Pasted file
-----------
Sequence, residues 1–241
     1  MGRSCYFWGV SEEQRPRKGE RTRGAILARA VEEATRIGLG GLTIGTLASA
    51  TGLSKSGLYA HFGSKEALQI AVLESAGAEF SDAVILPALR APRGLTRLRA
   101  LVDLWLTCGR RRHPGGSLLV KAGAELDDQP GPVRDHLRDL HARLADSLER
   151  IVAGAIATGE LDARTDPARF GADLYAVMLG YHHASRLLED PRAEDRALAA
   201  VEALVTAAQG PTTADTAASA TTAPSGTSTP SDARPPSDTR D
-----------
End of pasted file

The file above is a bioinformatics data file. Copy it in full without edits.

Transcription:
Sequence, residues 1–241
     1  MGRSCYFWGV SEEQRPRKGE RTRGAILARA VEEATRIGLG GLTIGTLASA
    51  TGLSKSGLYA HFGSKEALQI AVLESAGAEF SDAVILPALR APRGLTRLRA
   101  LVDLWLTCGR RRHPGGSLLV KAGAELDDQP GPVRDHLRDL HARLADSLER
   151  IVAGAIATGE LDARTDPARF GADLYAVMLG YHHASRLLED PRAEDRALAA
   201  VEALVTAAQG PTTADTAASA TTAPSGTSTP SDARPPSDTR D